Moving to the UK
Whether it’s the bustling cities or the laidback countryside you’re after, then moving to the UK may be for you! Read on to find out about visas, work and what you need in order to make moving to the UK easy and stress-free! If you need help on choosing a removal company to help you, take a look at our advice page.
First things first, visas are very important as well as making sure you have enough money to actually move abroad. This section explains what your options are and what you should be saving up if you’re planning on bringing all of your belongings with you. If you need a removal company to help you, take a look at our top 10 International Movers list.
Visas for the UK
Whether you’re moving to England, Scotland, Wales or Northern Ireland, once you’re in, you can move freely throughout these countries as they all make up the United Kingdom. However, you’ll need a visa if you’re planning on visiting or moving to the UK from South Africa.
There are a range of different visas that you can apply for:
- Standard Visitor Visa: you should apply for this visa if you’re planning on staying for less than six months.
- Work Visa: Either a Temporary or skilled workers visa will be required depending on the reason of your visit and how long you plan to remain in the UK for. You may need to be sponsored by an employer in order to receive the work visa.
The best way to check what visa you need is to look at the UK government website and fill out their questionnaire. For more information on visas, Move Up offer many solutions for visas for the UK.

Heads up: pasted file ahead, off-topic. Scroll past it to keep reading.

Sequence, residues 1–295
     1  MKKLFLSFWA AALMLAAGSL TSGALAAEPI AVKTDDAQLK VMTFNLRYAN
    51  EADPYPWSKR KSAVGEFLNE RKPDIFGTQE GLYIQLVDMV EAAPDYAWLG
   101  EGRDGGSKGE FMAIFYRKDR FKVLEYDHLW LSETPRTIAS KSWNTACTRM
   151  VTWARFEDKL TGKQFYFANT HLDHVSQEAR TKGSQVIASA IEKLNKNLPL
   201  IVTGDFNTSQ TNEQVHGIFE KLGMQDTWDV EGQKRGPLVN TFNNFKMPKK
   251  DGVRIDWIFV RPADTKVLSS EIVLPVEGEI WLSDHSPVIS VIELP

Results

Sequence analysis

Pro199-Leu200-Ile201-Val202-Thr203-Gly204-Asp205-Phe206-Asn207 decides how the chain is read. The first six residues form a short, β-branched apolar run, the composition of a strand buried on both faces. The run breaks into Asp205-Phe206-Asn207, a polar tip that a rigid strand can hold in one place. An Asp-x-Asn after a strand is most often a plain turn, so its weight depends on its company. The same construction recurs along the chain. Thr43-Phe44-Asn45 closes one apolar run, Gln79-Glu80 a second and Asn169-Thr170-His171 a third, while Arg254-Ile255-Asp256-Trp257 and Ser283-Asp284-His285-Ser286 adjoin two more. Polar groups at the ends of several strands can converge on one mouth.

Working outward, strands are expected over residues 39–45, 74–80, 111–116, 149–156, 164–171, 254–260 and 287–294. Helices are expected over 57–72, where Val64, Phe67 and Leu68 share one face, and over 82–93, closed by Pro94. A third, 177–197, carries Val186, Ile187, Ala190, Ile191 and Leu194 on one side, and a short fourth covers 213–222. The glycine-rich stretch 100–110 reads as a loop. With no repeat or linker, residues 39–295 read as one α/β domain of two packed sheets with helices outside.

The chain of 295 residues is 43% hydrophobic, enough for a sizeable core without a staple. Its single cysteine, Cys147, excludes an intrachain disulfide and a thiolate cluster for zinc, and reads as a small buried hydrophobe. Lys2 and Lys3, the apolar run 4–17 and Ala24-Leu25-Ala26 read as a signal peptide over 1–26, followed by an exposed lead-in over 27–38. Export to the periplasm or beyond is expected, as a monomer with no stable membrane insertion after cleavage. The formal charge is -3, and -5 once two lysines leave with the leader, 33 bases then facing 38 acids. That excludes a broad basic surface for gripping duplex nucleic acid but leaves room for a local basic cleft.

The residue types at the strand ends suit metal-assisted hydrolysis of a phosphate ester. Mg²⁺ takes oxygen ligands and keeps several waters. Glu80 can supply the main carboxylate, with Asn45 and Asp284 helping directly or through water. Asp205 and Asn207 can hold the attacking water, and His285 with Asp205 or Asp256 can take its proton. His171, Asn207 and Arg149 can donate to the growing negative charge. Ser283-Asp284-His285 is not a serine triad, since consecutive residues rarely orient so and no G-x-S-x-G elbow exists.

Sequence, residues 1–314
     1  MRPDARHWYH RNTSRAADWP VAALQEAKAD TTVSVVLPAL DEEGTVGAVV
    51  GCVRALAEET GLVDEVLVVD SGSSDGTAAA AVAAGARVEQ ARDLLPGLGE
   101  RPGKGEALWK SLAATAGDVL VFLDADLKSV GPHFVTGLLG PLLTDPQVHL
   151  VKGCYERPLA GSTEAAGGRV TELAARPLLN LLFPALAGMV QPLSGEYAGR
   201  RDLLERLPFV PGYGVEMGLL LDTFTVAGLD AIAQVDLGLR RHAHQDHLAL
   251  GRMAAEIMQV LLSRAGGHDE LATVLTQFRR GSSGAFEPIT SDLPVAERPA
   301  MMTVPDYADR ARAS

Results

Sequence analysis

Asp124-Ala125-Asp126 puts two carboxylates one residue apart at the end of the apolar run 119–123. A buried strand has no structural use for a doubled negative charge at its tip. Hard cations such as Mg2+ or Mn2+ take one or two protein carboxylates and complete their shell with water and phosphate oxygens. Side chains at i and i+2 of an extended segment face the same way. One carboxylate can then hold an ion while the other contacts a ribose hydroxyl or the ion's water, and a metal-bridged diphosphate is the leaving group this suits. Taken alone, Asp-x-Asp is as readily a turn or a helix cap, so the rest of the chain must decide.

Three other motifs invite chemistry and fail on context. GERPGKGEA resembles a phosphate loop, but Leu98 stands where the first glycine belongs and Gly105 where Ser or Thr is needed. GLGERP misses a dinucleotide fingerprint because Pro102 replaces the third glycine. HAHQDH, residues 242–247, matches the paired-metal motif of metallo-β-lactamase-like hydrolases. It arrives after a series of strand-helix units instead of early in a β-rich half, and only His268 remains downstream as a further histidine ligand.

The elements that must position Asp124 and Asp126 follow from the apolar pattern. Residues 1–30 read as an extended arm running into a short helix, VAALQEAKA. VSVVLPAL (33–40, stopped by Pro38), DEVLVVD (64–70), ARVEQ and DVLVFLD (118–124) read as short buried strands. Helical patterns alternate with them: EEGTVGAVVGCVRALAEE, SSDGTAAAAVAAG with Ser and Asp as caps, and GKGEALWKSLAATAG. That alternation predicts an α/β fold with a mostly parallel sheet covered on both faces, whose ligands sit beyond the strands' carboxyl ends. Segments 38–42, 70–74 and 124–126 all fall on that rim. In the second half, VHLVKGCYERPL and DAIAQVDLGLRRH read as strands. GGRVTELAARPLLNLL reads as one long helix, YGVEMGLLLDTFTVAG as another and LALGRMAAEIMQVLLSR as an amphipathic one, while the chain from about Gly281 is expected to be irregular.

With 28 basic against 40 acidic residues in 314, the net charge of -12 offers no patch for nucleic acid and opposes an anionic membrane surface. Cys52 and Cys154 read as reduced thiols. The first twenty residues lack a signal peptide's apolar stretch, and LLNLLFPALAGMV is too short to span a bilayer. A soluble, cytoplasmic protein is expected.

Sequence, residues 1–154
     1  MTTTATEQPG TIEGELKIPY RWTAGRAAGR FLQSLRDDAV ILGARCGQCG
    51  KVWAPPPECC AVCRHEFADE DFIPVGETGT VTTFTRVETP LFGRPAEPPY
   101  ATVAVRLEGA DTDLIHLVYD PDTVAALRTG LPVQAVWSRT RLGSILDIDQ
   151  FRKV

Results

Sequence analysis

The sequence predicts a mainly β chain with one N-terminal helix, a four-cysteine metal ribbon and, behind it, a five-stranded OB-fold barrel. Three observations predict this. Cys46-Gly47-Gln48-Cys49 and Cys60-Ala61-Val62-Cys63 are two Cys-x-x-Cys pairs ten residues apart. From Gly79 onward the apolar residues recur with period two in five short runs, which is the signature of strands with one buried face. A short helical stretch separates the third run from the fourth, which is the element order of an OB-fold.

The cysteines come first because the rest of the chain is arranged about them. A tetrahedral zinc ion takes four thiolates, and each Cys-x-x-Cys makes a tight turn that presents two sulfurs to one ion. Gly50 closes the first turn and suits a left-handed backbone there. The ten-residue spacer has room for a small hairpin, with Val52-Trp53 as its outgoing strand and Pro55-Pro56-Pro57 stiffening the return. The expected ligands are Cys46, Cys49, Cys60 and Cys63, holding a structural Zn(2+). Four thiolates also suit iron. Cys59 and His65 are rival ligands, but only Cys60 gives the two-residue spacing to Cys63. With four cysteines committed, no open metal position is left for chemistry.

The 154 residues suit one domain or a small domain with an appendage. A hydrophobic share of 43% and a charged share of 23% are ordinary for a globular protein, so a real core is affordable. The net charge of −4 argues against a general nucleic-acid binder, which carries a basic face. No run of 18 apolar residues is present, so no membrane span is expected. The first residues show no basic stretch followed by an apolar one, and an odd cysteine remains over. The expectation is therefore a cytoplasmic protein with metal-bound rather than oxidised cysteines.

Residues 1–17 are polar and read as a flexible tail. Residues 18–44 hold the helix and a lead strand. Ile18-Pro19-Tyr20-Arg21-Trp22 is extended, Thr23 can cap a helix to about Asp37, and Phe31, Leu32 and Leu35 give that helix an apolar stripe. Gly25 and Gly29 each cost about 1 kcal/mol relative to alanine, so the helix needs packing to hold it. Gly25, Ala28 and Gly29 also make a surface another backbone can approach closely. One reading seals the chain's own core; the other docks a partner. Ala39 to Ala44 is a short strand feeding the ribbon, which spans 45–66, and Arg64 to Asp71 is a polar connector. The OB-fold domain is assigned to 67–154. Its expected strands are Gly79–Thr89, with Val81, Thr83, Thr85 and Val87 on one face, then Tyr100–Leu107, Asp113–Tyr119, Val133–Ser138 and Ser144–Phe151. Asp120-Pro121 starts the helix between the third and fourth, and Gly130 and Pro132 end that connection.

Cost of Moving to the UK
|Size of Household||Time to Move||Cost of Move|
|1 bed flat||6-10 weeks||36,000R-63,000R|
|2 bed house||4-7 weeks||48,600R-82,800R|
|3 bed house||4-7 weeks||86,400R-143,900R|
Above you can find the estimated moving costs from Cape Town to London. The major factors that influence the cost of moving are distance and volume of your move. Look at our container shipping prices article or international moving costs page for more information.
Living in the UK
You may already have an idea on what the UK is like as a country, however, living in the UK is something else. This section covers what you may not know about what it’s like to actual live in the UK, including housing, work and living costs.
Working in the UK
The UK is a great place for expats to find work. As we said before, to work in the UK your employer will have to sponsor your work visa, which is why it’s important to get a job as soon as possible.
You can try and find a job when you are already living in the UK on a visitor visa, but you can also try and find a job before moving there. There are several ways that you can find work in the UK:
Living costs in the UK
|Item||Cost in Cape Town||Cost in London||Cost in Birmingham|
|Average Rent per month for one bedroom apartment in the centre||10,736.49R||30,296.32R||13,363.87R|
|Average Monthly Net Salary (after tax)||16,315.15R||45,379.20R||28,523.09R|
|One litre of Milk||12.94R||16.39R||16.33R|
|Inexpensive meal out||120.00R||265.42R||212.34R|
Above you can find a comparison of the living costs in different locations within the UK compared to Cape Town. Depending on where you decide to live in the UK will determine how much your living costs will be. Bigger cities will be much more expensive than little towns and villages, especially London! However, as you can see from the table above, despite higher living costs, you can rest assured that your salary will be high enough to help you cover these costs.